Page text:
Church gives children a day out, parents a day off

Steve Awalt, a deacon and elder with the First Presbyterian Church of Clayton, helps 2-year-old Avery Savage make an ornament during "Parents Day Out" at the church. "It's a great experience for the kids," Awalt says.
Steve Awalt, a deacon and elder with the First Presbyterian Church of Clayton, helps 2-year-old Avery Savage make an ornament during "Parents Day Out" at the church. "It's a great experience for the kids," Awalt says. (TOM GRALISH / Staff Photographer)
Posted: December 01, 2013

CLAYTON It was a parent's dream: a day to shop for Black Friday bargains without towing the young charges.

The First Presbyterian Church of Clayton opened its doors to nearly three dozen youngsters Friday for its annual "Parents Day Out." With schools were closed Friday for the Thanksgiving holiday, the event was also a day out for children.

While their parents hit the malls and stores, children ranging in ages from 3 to 18 spent six hours at the Gloucester County church on Delsea Drive, where they played games and made crafts in the fellowship hall and watched Finding Nemo movies in the sanctuary.

"It is fun here," said Emily Mathis, 11, of Clayton, who came with sister Abby, 8. "It's something to do on a day you're bored."

The event was the brainchild of Pastor Daniel Pure, who came up with the idea as a way to give parents time to shop without the curious eyes of their children or give them some free time to simply relax after the holiday.

"Why not use this day as a day of creativity and give parents a break after Thanksgiving?" said Pure. "We want the kids to have fun."

Parents began dropping their children off at the church at 10 a.m. Registration was $5. According to Pure and some children, some parents planned to hit the mall. Others had to work or go to doctor's appointments. The children attend the church or live in neighboring communities.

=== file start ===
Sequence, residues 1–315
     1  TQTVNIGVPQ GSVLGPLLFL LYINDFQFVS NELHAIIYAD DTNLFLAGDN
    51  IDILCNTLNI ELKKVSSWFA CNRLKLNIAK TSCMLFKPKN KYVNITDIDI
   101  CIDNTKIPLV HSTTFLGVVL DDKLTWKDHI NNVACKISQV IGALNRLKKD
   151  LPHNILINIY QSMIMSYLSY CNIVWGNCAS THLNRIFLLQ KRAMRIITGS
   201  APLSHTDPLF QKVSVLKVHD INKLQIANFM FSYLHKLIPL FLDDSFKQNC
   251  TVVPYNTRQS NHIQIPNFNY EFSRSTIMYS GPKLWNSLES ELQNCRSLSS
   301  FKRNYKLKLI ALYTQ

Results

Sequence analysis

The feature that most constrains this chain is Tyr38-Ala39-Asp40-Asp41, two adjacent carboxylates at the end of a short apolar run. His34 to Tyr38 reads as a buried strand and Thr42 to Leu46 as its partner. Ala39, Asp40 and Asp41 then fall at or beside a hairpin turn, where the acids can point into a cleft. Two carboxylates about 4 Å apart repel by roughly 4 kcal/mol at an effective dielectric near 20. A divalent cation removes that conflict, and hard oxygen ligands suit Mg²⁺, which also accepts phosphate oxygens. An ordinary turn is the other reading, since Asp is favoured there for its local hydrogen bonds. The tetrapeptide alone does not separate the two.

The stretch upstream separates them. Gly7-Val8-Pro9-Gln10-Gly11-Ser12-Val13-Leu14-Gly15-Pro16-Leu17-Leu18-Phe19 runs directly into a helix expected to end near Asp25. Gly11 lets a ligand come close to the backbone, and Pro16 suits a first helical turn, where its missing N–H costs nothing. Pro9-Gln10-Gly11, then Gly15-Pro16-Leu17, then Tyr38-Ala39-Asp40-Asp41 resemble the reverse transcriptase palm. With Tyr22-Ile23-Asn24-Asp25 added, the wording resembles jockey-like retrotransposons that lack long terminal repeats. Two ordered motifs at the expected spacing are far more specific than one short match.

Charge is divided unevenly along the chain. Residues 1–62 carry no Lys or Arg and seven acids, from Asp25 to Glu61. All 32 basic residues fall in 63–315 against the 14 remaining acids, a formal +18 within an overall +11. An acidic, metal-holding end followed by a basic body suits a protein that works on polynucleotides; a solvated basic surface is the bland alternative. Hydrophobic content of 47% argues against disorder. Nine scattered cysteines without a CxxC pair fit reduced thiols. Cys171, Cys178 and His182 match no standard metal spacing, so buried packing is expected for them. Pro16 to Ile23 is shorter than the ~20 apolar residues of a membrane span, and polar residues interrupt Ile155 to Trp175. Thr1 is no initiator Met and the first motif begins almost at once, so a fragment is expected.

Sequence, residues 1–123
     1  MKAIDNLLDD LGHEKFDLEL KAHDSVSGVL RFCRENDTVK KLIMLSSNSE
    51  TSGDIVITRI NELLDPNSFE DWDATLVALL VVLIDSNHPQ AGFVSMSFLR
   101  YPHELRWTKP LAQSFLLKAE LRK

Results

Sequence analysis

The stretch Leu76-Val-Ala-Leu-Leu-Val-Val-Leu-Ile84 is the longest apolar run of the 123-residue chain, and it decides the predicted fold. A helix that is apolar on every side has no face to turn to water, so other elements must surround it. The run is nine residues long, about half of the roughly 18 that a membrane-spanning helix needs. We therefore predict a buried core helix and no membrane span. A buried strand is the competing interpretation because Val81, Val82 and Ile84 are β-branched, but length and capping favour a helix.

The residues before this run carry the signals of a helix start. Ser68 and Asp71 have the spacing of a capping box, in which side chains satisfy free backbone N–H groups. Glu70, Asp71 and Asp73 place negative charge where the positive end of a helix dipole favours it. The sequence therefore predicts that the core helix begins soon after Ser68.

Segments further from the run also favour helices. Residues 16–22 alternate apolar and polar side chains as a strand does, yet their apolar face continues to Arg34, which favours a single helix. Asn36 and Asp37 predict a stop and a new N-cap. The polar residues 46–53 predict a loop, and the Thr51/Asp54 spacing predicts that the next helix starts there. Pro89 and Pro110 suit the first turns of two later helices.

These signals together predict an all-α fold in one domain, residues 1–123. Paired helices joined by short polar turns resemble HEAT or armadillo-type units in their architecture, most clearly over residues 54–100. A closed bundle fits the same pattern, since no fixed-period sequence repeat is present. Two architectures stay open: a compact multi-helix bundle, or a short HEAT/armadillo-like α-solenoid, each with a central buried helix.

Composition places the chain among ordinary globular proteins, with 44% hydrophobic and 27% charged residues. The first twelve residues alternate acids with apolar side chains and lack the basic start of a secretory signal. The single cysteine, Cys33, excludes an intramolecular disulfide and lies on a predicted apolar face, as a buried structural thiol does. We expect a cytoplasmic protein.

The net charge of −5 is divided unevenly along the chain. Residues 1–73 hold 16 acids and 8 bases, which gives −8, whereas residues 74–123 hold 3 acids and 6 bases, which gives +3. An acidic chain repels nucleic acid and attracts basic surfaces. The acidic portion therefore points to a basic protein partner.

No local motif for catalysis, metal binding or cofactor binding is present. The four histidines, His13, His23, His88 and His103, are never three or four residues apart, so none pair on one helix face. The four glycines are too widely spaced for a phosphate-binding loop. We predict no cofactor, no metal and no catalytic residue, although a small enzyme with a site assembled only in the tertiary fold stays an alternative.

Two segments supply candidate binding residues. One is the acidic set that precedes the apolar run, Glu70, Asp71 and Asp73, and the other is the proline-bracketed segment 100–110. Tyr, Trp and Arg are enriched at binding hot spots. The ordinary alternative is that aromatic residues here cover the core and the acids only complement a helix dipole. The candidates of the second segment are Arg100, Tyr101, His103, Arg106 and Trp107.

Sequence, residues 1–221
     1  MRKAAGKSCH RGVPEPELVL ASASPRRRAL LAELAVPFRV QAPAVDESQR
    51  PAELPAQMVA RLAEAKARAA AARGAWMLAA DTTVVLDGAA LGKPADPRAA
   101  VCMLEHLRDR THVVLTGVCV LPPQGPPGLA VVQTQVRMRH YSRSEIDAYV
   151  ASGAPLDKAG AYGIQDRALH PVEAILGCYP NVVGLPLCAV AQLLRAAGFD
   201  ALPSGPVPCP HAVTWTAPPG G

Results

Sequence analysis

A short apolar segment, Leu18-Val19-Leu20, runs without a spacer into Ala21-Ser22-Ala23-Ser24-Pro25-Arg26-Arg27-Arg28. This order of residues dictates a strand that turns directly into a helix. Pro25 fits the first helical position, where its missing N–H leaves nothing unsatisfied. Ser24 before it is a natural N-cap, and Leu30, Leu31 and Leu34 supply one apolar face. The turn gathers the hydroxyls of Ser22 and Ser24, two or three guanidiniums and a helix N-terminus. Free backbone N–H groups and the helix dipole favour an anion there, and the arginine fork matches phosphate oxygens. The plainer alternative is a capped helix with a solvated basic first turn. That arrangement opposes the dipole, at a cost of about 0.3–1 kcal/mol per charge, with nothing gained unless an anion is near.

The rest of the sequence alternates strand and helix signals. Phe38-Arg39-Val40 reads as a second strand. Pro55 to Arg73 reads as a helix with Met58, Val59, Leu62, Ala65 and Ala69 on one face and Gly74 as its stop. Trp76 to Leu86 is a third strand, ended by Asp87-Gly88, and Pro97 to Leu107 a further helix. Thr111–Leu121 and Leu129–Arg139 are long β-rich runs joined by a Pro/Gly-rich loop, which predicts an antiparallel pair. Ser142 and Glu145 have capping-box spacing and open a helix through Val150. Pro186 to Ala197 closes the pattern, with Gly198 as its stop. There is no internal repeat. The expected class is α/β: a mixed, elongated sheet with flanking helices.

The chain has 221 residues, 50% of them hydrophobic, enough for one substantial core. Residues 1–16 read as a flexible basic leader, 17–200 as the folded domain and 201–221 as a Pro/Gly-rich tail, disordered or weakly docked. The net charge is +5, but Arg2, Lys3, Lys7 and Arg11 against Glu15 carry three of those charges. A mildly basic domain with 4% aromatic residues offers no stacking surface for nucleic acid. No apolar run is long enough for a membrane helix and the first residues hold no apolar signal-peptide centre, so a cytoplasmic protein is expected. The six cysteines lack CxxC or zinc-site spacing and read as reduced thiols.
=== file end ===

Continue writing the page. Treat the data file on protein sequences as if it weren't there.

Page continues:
"I'm fine with it because I don't like shopping," said Zach Murray, 11, who came with brother Tyler, 9.

Andrea Loughlin, 17, a senior at Delsea Regional High School, and eight of her siblings spent the day at the church (only younger brother, George, stayed home). She was not sure how her parents planned to spend the day.

"They might be shopping for Christmas," she said, adding that she tries to avoid the malls, especially at this time of year.

Added sister Christine, 12: "They might need a break. There are 10 of us."

As it turns out, their father was working while their mother, Danielle, was getting some much-needed rest in a house so quiet "it felt like the Twilight Zone" after working an 11-hour shift Thursday night into Friday morning as a slot attendant at Harrah's Philadelphia in Chester.

"It's tough being a mom of 10," said Danielle Loughlin, 34. "It was nice to be able to come home and sleep. I was very, very grateful to the church."

The theme for the day was "beach fun," and children were invited to wear their favorite summer gear - although only one youngster donned shorts. The church is planning a Christmas in July Vacation Bible School next summer so it wanted to incorporate a beach theme for Black Friday.

"It's a great experience for the kids," said Steve Awalt, 54, a church elder and an accountant at Gloucester County College. "We have a blast, too."

The children rotated between stations in the fellowship hall, where church volunteers assisted with activities that included Christian education. The festivities also included lunch and snacks.

"It feels like another family when I come here," said Christine Loughlin, a seventh grader. "You can be yourself and not be judged."

The children also made holiday cards to send to military personnel. James Connell, 10, a fourth grader at Herma Simmons Elementary School, wrote a poem inside his card:

You serve our country

You want to see a sky of blue

When you come home

Your happiness will reach the moon

Hope you get there soon.


mburney@phillynews.com

856-779-3814 mlburney

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